When Halle Berry arrived on the Red Carpet at the Emmy awards, my first thought was, “Wow! She is rockin’ that pixie!” She had it layered beautifully in shades of mocha, subtle tone-on-tone coloring, long in front, short on the sides and back.
My other thought was that the “the pixie is trending strong. It’s going to be here for a while.” Berry was one of at least four major stars wearing pixies at the Emmys and the MTV Video Music Awards held just days earlier.
I don’t know that I would have watched these if I wasn’t writing about them. I would have flipped through the galleries online but that’s about it. Now, I’ll never miss them again. There was Halle Berry, Lena Headey from “Game of Thrones,” Kaley Cuoco-Sweeting of “The Big Bang Theory” and Miley Cyrus all wearing pixies, no two the same. In my head I began tweaking them for my own clients.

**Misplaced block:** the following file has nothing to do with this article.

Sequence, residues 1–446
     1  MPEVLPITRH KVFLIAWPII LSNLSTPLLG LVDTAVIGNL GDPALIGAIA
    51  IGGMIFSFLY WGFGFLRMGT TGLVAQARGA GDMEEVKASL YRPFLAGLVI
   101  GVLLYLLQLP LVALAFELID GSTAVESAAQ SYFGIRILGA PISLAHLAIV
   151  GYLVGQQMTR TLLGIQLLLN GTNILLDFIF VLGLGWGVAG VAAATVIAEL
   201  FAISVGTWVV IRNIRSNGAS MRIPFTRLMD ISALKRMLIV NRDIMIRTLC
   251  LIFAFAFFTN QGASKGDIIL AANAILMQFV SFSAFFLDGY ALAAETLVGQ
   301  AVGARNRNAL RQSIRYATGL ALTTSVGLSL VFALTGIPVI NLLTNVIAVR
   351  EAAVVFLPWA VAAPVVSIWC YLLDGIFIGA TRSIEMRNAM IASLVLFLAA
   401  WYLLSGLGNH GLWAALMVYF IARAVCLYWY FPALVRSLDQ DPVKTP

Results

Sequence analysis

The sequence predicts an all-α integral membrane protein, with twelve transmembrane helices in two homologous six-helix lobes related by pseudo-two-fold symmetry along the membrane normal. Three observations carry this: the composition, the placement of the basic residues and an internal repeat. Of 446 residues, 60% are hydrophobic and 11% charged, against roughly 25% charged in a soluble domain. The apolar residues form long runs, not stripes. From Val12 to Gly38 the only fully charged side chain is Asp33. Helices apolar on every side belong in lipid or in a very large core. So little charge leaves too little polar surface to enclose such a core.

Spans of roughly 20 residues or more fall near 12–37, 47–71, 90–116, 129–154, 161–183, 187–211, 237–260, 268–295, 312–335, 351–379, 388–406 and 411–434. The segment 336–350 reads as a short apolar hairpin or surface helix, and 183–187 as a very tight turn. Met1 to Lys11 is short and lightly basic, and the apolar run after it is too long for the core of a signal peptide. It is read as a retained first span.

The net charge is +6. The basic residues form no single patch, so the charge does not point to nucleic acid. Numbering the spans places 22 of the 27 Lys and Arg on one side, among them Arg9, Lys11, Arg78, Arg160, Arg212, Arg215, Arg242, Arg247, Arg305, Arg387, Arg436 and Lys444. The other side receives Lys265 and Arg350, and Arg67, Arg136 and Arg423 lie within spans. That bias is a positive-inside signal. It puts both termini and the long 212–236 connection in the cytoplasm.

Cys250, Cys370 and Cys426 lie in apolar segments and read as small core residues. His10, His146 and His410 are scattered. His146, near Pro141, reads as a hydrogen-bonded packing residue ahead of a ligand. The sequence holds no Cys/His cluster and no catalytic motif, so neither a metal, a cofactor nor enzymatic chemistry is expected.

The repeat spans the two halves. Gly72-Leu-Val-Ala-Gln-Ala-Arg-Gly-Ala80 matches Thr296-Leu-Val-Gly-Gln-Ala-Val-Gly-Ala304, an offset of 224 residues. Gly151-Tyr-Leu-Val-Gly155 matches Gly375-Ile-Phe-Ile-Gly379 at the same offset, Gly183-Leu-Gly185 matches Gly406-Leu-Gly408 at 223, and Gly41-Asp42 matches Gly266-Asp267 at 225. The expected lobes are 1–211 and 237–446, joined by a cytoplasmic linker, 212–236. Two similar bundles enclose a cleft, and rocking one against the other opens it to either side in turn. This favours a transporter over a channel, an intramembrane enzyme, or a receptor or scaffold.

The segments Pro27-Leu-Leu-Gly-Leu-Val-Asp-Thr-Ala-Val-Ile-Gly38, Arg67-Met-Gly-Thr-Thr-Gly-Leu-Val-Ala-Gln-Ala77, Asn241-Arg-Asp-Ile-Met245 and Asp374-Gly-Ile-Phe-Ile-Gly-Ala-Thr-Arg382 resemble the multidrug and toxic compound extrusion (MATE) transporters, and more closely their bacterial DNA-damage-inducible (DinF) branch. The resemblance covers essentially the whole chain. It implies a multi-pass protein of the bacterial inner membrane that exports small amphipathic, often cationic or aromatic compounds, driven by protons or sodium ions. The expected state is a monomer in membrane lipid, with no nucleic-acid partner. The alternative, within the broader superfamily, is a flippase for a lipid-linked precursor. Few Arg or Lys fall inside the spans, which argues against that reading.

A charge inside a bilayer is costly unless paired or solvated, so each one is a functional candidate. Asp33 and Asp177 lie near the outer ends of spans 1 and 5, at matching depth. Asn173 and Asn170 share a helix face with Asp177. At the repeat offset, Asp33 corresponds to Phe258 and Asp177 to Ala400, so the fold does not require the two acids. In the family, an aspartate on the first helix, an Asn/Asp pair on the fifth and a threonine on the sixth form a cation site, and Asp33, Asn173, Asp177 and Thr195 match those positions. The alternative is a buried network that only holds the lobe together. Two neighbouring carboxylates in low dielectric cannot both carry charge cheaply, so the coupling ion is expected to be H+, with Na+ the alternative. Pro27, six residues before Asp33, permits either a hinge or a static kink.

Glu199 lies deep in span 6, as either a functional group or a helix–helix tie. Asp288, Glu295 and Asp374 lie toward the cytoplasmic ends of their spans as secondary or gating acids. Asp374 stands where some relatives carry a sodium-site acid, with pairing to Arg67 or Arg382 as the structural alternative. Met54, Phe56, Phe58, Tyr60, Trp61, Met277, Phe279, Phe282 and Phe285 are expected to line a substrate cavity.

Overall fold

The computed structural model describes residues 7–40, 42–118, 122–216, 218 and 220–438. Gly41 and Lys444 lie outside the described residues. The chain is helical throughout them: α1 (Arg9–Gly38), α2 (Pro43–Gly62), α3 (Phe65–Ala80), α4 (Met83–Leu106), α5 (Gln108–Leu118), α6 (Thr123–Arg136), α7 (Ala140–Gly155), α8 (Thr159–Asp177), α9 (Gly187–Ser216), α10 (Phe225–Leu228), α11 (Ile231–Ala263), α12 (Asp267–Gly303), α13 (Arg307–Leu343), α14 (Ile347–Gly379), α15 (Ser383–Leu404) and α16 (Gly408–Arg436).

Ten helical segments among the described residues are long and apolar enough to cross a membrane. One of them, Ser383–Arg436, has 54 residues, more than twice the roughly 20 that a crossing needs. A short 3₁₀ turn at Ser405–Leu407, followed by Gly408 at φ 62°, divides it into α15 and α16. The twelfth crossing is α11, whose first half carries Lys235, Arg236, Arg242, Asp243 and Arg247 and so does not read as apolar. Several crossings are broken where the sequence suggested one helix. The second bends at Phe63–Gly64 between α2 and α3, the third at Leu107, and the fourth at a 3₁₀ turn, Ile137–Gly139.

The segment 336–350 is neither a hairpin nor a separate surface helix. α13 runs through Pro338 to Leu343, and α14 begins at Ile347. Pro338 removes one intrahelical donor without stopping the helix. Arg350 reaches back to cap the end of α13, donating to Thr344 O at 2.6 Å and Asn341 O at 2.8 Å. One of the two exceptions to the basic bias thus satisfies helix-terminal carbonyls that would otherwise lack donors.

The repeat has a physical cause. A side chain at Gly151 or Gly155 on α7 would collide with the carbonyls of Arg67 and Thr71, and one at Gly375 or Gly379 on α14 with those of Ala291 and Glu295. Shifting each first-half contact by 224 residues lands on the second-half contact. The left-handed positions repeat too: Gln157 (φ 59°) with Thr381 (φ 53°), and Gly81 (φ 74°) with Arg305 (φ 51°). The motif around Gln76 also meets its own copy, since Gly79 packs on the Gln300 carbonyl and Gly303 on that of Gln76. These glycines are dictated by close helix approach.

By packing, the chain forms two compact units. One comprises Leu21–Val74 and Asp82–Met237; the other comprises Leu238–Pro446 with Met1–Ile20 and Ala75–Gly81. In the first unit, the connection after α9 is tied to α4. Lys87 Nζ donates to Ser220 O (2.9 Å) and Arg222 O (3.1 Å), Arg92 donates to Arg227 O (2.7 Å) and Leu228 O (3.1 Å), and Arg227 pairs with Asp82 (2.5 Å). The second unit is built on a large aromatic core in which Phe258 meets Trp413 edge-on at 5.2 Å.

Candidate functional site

I love being a stylist, and I know that you do, too. It is such a wonderful profession for a lot of reasons. It can, however, become routine if we’re not careful. We get a handful of cuts and colors that we’re really good at, and that’s where we stay. That’s not so good for us or our clients, and it’s partly their fault. … Yes, let’s blame them for a minute! We make them beautiful, they come back for more and what do we do? The same cut and color!
Our work is beautiful, but grows stale. So, onward we must go. Right now, I’m in the middle of Fashion Week. I’ve followed flashes of these before but now I’m more attentive.
Fashion Week is more like “Fashion Month,” starting in New York followed by events in London, then Milan and Paris. It’s too much to watch it all, and the focus is on the clothing, but the hair is integral and trend setting. I’m reeling through galleries and videos that are easy to find online. Most of these styles are totally wearable. This isn’t just for the fashion elite. This is about getting new ideas, stimulating our minds to make us better stylists. As always, be open change!